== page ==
TRAVERSE CITY — Board members for Traverse City Light & Power will look to city commissioners for guidance on how to navigate two politically thorny issues.
The city-owned utility’s board hopes to get a sense of commissioners’ preferences on questions of local power generation and how to dispose of the coal dock property on West Bay in Elmwood Township. The two items will be among a host of utility-related issues the boards will discuss in a joint meeting today at 7 p.m. at the Governmental Center.
“Commissioners have broader policy issues they address all of the time and they also have to deal with the politics,” said Pat McGuire, board chairman for TCL&P. “The Light & Power board has to worry about Light & Power.”
The Discovery Center Great Lakes, an alliance of water-focused nonprofit agencies, brought the coal dock issue to the forefront in December, when its officials approached TCL&P about using the property to help create a regional educational and tourism destination. The property includes 2.2 acres of waterfront with a key-shaped, earth-filled pier about a mile north of M-72 in Elmwood Township.
The utility also owns about 4.6 acres on the west side of M-22 and together the two parcels were appraised at $2.68 million in 2012.
“From Light & Power’s perspective there is no reason for us to continue ownership of that property and it’s kind of a hassle,” McGuire said. “It could be put to better use but we’re not a parks and recreation department.”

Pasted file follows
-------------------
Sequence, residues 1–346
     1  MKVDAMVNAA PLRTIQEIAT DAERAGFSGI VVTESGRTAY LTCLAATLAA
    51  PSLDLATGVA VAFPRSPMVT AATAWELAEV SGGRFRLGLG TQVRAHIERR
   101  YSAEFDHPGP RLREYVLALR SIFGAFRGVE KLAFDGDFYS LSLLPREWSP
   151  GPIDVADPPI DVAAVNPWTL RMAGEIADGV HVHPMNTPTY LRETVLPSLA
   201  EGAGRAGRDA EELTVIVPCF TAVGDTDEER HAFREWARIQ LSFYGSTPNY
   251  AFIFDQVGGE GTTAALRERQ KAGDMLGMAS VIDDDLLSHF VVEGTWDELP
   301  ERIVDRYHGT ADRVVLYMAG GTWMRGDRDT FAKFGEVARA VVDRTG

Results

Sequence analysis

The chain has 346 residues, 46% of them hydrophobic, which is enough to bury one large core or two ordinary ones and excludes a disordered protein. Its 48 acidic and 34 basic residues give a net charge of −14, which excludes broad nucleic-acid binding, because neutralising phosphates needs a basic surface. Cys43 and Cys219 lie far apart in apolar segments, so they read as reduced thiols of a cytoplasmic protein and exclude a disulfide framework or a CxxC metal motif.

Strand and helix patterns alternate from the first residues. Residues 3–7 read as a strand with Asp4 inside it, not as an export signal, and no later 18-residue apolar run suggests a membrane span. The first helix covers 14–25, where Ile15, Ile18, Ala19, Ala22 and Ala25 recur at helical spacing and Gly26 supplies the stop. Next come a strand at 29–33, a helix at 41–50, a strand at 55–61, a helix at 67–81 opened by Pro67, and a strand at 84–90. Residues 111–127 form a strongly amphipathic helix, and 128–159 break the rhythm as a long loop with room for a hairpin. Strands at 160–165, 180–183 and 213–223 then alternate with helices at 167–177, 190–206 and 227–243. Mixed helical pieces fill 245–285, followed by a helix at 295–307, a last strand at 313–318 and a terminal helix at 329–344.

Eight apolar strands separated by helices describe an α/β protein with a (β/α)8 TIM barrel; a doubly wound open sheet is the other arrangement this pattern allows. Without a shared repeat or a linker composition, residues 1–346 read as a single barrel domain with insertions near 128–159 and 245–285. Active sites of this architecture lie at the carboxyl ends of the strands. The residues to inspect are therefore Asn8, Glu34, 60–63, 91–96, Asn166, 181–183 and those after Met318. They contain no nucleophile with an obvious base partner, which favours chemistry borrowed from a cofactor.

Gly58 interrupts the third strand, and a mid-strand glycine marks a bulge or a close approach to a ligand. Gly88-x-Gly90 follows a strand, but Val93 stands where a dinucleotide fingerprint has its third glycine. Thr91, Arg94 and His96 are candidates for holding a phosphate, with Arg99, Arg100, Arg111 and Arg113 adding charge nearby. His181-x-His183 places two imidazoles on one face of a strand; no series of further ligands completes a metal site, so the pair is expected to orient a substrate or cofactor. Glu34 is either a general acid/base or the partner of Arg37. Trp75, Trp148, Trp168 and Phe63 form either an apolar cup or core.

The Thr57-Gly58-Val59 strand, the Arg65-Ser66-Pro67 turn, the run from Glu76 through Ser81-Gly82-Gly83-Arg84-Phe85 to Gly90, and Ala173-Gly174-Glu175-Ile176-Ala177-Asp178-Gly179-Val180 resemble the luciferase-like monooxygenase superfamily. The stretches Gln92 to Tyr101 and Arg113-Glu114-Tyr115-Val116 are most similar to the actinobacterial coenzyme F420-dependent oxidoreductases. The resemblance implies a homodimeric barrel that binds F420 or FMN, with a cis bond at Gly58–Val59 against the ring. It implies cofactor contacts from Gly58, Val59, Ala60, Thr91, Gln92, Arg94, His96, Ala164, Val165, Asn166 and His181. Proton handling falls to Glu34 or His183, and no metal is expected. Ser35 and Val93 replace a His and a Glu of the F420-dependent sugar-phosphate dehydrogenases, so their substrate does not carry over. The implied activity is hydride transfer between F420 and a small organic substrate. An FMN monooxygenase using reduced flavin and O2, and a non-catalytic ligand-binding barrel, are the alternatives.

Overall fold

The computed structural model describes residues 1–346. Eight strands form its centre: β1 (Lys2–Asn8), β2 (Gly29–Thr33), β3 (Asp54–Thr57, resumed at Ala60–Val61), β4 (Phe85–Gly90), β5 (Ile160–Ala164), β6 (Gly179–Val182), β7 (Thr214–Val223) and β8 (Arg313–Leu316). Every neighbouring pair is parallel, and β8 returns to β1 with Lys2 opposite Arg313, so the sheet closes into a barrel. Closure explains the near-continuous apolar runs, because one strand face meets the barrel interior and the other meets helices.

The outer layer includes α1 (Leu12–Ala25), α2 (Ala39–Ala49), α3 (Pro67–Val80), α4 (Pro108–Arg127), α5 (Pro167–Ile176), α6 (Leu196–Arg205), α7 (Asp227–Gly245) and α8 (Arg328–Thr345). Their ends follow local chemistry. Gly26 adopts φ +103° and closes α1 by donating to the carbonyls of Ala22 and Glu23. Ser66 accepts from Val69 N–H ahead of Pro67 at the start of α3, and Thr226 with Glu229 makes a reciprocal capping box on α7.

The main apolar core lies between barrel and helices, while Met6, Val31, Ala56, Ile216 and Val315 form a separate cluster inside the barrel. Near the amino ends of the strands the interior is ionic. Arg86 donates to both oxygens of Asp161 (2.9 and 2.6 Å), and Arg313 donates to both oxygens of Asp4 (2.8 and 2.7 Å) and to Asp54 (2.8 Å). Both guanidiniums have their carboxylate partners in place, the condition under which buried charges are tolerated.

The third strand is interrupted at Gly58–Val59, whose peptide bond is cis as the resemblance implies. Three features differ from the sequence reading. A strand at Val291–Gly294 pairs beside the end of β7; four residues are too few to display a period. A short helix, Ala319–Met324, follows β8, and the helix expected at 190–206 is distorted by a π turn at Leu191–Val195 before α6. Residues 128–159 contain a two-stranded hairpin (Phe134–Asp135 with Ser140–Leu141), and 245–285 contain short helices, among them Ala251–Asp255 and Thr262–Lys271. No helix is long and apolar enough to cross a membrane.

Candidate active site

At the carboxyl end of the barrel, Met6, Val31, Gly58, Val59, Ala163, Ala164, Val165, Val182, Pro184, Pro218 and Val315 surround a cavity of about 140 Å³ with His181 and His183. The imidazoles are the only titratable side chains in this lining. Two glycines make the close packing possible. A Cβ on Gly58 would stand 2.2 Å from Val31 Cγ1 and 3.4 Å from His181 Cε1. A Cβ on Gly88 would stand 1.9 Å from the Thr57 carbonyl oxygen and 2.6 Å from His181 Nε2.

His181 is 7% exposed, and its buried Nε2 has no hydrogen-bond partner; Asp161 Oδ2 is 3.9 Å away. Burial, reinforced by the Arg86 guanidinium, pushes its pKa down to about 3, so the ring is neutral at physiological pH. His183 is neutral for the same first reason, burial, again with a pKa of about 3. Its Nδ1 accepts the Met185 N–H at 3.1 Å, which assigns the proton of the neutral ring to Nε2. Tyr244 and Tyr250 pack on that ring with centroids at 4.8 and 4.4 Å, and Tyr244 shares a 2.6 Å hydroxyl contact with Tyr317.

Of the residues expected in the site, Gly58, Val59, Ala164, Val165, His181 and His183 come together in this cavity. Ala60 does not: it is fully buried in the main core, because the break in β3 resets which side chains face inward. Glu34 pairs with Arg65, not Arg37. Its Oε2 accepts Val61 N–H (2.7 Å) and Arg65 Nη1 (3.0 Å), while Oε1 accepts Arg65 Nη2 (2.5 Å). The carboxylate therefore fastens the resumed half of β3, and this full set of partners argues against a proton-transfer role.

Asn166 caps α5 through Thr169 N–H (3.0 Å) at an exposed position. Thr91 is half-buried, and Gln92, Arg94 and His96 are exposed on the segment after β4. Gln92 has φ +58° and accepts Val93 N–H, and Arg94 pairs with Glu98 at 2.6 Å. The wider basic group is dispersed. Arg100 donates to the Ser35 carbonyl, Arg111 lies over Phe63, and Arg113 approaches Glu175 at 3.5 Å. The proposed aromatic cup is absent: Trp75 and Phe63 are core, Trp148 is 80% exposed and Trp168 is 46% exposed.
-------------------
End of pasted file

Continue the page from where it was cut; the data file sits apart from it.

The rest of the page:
Mayor Michael Estes said the discussion won’t focus on the Discovery Center’s proposal but more on how TCL&P disposes of surplus property, including the coal dock.
Officials said there are two main options to address. Keep the property in public ownership of some form or sell it on the open market.
A private sale is an option, but most comments focused on keeping it in some form of public ownership because of its community value as a deep-water port, McGuire said.
Peter Doran, TCL&P attorney, listed a half-dozen legal options to keep the property public, from city ownership to creating a public, nonprofit corporation or a port authority with Leelanau County.
“We need a sense from the commission about what they want to do because there’s no reason to start marching down one road if that’s not where they want to go, because eventually they have to approve it,” McGuire said.
Light & Power board members are about half-way through a process to determine how to obtain a future power supply for the utility. Board members appear to be leaning away from constructing a local, fossil-fuel-generated power plant as not economical, but before they make a decision McGuire said they want to hear commissioners’ thoughts.